The home.loans VA loan calculator is a tool designed to help you get a handle on your potential monthly payments. For ease of use, it breaks your monthly estimates into principal and interest portions. Plus, you can use the VA loan calculator to help you determine other monthly expenses, like property taxes, homeowners insurance, and monthly HOA dues.
Helpful Terms for VA Mortgage Applicants
- Amortization: This is a way of paying off debt using payments that consist of both principal and interest. In most cases, a fixed repayment schedule is agreed upon by both the borrower and the lender, and the amount of interest paid during each interest paying decreases over time. That means that as you go on, a higher percentage of each payment goes to paying off the principal.
- Loan to Value (LTV): This is a way that lenders calculate risk before deciding to give you a loan. To calculate LTV, a lender will usually take the amount of a potential mortgage and divide it by the appraised value of a home.
- Loan Term: The term of a loan, or loan term, is the amount of time for which a loan agreement remains in force. At the end of a the loan term, the loan should either be fully repaid or refinanced into a new loan.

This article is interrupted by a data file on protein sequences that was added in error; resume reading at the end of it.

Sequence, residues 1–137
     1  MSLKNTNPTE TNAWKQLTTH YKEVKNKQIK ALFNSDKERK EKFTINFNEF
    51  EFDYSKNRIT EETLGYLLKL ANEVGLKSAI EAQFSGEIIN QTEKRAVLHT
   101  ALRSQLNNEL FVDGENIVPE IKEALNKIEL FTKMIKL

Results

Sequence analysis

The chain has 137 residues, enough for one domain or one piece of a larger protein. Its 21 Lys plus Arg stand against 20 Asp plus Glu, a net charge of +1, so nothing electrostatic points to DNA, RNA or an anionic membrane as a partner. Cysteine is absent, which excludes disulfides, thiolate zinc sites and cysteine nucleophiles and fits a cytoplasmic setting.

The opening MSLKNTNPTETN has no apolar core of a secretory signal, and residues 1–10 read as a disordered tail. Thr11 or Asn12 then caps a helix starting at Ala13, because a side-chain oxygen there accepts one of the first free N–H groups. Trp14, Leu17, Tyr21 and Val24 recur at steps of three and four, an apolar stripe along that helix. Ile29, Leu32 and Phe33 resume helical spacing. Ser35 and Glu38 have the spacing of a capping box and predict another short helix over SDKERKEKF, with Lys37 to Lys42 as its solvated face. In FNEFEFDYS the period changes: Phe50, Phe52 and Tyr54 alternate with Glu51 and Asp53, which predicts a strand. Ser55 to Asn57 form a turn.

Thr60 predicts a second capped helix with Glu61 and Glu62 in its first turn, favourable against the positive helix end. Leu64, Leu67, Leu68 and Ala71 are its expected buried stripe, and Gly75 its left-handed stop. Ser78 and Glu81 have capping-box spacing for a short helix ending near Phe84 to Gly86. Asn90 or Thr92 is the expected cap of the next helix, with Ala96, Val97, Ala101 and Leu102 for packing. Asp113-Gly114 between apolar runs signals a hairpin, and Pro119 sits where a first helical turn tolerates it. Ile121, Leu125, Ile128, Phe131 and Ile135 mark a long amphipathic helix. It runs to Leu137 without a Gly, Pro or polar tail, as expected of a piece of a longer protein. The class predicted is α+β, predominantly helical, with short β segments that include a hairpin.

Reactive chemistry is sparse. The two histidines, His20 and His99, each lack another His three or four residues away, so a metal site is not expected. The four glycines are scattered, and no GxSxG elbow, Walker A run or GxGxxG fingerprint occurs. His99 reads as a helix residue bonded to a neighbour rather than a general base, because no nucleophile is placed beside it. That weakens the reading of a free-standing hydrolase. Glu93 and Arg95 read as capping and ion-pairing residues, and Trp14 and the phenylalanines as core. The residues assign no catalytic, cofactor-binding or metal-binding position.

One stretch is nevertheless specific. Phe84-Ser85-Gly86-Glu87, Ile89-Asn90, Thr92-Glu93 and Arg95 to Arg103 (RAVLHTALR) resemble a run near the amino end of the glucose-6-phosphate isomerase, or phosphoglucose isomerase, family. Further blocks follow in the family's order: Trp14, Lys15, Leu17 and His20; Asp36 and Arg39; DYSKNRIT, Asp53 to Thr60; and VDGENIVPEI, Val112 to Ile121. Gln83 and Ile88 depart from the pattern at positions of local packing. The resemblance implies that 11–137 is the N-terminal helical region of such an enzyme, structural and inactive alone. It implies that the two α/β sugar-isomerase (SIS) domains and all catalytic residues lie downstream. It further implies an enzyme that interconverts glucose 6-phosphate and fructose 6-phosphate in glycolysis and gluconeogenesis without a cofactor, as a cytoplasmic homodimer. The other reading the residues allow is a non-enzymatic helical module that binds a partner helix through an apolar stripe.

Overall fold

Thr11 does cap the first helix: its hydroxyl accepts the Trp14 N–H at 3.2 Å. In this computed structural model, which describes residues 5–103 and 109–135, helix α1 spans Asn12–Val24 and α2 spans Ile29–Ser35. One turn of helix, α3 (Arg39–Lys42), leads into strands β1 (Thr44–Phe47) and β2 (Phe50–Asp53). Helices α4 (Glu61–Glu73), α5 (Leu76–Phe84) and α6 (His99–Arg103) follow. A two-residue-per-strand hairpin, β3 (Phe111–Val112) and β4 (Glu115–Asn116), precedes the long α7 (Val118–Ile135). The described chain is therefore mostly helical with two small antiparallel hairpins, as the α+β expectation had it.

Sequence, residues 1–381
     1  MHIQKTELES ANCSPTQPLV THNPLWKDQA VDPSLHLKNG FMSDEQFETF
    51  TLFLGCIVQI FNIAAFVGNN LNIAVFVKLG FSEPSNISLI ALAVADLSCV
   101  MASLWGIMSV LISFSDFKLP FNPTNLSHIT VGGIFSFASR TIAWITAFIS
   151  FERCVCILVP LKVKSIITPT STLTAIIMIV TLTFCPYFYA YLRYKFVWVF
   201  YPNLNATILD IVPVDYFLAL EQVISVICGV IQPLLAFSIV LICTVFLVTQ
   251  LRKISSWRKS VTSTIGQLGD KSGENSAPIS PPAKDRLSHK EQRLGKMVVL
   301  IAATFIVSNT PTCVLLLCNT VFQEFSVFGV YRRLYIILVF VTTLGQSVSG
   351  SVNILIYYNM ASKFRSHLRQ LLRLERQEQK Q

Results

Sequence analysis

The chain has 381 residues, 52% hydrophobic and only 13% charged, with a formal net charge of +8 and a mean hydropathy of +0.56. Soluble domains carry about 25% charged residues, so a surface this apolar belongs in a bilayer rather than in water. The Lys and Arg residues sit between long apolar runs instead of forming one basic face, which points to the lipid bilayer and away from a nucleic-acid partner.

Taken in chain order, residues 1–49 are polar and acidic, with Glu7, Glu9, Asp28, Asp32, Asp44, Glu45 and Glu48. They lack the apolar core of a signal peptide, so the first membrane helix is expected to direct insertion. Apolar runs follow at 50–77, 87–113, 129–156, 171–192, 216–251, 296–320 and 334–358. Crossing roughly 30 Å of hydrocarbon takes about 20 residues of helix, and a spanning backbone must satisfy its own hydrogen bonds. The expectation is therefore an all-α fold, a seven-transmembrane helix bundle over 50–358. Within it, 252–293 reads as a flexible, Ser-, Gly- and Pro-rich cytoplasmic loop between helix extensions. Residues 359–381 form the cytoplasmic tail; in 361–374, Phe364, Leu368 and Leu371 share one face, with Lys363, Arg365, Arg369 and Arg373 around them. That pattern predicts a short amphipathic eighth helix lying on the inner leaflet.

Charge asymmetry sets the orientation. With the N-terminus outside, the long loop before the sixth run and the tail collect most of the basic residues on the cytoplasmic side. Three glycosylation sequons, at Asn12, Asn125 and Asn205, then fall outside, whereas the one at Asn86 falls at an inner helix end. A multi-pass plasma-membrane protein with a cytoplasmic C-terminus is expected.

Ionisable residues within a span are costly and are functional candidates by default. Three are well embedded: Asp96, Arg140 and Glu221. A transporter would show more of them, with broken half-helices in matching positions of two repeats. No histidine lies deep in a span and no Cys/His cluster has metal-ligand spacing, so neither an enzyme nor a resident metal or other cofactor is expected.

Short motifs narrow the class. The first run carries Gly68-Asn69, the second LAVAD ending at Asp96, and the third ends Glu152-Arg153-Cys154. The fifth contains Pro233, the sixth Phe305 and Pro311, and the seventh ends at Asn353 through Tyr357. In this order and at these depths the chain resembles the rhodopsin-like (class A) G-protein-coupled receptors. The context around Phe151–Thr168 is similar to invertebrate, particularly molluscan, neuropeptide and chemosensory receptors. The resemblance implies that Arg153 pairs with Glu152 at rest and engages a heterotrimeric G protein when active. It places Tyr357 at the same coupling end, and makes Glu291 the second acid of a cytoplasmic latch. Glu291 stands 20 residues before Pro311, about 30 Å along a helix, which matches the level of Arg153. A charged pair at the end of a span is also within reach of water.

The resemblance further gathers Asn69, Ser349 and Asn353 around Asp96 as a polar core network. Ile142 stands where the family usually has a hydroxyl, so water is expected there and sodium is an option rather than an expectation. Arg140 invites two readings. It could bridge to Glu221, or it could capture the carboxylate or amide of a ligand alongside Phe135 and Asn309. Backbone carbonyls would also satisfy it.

- Principal: This is the amount of money originally borrowed from the lender. Monthly payments consist of principal payments combined with interest (as well as the payment of fees, taxes, and other expenses.) As the borrower pays off the principal, it will grow smaller over time.
- Interest: Interest is a specific percentage of the principal that is paid to the lender. For fixed-rate loans, this stays the same throughout the entire loan term, but for adjustable-rate mortgages, it can vary based on changes in the market.
- Annual Percentage Rate (APR): This is a calculation of interest, plus the other costs, like points, broker fees, and other charges, that you’ll pay during a year of your loan, expressed as a percentage. Because of this, your APR will almost always be more than your interest rate.
- Down Payment: This is the initial cash payment you’ll make towards buying a home. Fortunately, in many cases, you can get a VA loan without any down payment.
Pros and Cons of VA Mortgages
VA loans are one small show of thanks from the government to the veterans that defend it, and because of that, there are very few drawbacks to procuring one. In fact, if you’re a vet and you’re thinking about buying a home, a VA loan is likely your very best option. But, let’s break down the pros and cons of the VA loan anyway.
Benefits of the VA Loan